I am sure that some of you did not miss the fact that in describing the diversity of Jesus’ Twelve, I could not state that there were women in the group. Doesn’t this put a limit on Jesus' love of diversity? If He loves diversity so much, why did He not include at least one woman among the Twelve? This brings me to the second quality that I would like to have as a teacher. Jesus was very tactful. Tact is born of wisdom, and we are all admonished to be wise as serpents but harmless as doves. Jesus worked within the framework of His society. The record is quite clear that many women became His disciples. But He did not call one of them to be an apostle. To do so would have jeopardized His ministry and His mission. You remember when one of the women got close to Him in public, how the rumor started that if He were indeed the divine teacher He would have known what kind of woman was messing with Him (pardon the slang). Can you imagine if He had one or two women following Him around as closely as the apostles what rumors would have been rampant around town? It would have been very bad for His reputation as well as for the reputation of the apostles. Jesus was too tactful to make that mistake. Am I as tactful in my dealings with my students or even with other members of the faculty? Some people excuse their lack of tact by insisting that one should be forthright in dealing with others and should declare bluntly what is on one's mind. Let us remember that "tactful" is not a synonym for "deceitful." Some people who are afraid to speak the truth or wish to deceive tell themselves that they are being tactful. There is a world of difference between tactfulness and deceitfulness. Tactfulness is dealing with the situation with wisdom in an effort to avoid leaving unnecessary scars. Tactfulness also is not timidity. There comes a time when the teacher has to be outspoken. The same Teacher who commended Peter for one answer also said to him in the hearing of others, "Get thee behind me, Satan!" I long for the wisdom of the Master Teacher so that I may know when to commend and when to rebuke, when to pull the student aside and speak softly, or when to say before the whole class, "You’d better get your act together, or you’ll have to leave my class." May God grant us all that wisdom and tact.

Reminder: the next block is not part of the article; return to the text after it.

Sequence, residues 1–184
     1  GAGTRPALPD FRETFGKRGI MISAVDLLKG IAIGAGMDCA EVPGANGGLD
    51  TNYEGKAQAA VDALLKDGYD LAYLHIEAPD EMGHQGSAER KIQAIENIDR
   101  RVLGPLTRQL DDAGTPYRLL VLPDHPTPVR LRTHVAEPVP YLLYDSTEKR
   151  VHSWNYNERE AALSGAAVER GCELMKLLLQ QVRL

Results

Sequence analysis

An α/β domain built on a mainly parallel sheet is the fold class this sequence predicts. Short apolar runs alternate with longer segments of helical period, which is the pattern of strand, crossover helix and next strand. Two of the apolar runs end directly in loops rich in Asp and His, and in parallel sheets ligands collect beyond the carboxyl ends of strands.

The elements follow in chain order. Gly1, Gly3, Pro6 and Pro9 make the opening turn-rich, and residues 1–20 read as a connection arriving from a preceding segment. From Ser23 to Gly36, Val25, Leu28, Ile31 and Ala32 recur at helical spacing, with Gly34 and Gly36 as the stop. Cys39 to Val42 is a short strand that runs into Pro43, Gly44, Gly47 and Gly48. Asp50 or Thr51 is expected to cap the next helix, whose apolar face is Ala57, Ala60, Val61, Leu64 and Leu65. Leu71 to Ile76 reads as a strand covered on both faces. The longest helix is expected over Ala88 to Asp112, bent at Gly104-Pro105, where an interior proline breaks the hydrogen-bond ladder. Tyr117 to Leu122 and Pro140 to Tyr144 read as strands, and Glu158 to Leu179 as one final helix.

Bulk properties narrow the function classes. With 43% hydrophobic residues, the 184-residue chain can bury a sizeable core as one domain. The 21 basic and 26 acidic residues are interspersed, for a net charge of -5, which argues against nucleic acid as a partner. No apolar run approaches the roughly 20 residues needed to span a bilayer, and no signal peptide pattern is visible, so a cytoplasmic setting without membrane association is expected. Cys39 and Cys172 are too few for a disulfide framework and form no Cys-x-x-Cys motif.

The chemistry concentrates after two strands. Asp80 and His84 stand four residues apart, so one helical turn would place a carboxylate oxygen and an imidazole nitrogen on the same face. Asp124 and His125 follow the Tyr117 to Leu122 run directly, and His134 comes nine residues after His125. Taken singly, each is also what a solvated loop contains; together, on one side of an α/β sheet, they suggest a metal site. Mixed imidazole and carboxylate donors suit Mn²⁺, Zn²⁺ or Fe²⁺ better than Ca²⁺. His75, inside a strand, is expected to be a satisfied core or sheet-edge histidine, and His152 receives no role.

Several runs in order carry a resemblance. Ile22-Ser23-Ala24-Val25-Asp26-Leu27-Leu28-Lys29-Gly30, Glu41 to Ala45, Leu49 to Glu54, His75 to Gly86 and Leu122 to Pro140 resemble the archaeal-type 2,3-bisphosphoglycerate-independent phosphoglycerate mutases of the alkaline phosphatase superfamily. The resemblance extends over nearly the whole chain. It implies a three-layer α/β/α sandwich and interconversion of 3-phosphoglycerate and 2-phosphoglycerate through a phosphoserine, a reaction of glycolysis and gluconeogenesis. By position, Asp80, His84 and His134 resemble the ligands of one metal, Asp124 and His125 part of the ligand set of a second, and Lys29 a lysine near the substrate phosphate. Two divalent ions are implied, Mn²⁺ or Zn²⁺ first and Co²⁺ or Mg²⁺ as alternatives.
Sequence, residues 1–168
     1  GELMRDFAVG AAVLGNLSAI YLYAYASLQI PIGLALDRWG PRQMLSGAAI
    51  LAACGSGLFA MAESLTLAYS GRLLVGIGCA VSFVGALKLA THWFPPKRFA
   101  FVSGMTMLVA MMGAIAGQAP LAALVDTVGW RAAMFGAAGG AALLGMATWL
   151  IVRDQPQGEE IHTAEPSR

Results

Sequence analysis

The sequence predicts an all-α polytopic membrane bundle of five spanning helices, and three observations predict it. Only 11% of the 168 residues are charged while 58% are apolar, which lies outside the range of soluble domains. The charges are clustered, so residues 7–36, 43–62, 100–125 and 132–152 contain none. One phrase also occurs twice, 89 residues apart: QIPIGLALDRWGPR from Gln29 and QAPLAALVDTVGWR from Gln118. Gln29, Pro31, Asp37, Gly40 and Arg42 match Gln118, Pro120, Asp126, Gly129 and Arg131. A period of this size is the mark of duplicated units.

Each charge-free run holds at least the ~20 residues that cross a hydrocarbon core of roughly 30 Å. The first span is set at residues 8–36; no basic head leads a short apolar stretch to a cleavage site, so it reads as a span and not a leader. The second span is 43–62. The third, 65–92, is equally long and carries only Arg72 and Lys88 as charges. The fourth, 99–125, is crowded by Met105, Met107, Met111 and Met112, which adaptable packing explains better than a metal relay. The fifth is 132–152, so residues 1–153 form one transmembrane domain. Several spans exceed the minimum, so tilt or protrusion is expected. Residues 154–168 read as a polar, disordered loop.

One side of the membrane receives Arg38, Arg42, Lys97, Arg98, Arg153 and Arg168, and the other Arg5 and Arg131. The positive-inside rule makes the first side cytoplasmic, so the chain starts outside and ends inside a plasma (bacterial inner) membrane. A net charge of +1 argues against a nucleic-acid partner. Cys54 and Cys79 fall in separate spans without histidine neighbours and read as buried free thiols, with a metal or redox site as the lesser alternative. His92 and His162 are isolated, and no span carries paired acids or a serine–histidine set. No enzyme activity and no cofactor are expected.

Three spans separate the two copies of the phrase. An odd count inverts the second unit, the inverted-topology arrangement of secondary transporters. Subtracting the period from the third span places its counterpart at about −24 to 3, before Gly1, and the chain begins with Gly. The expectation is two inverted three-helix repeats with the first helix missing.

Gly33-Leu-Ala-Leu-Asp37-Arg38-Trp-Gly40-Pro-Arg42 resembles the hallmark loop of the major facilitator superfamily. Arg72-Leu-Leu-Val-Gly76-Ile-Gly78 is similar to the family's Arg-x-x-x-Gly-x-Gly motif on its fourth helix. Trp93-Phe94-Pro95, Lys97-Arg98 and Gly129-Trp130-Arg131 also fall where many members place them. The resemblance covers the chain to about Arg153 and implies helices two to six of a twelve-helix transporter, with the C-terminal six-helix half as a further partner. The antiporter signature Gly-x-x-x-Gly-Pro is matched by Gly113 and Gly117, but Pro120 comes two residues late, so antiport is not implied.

The third quality I would like to stress is fairness. Very often we are told the world isn’t fair; therefore we should not expect fairness. Of course, the world isn’t fair. How can it be when it is still Satan’s domain! And how ironic it is that Satan is in charge after he was cast out into this world for accusing Jesus of being unfair. Jesus was fair. We can see that in every aspect of His life on earth. His choice of the apostles was a fair choice. He did not go about choosing apostles on the basis of status, education, or connection. We just observed the diversity of His choice. Not only was His choice a fair choice, but each apostle received a fair chance. Peter didn’t have a better chance than Judas. Jesus had to work as hard with Peter as with Judas. But Peter responded and Judas did not. This fact should remind us that our responsibility is to treat each student with the degree of diligence necessary for the student’s success, but we are not to be surprised or ready to commit suicide when we cannot reach that student in spite of our efforts. Do not let us become psychotic by believing that every failure is our failure. Some educators would have us believe this. Of course, Jesus was saddened when He lost Judas, but He did not abort His Mission because Judas failed.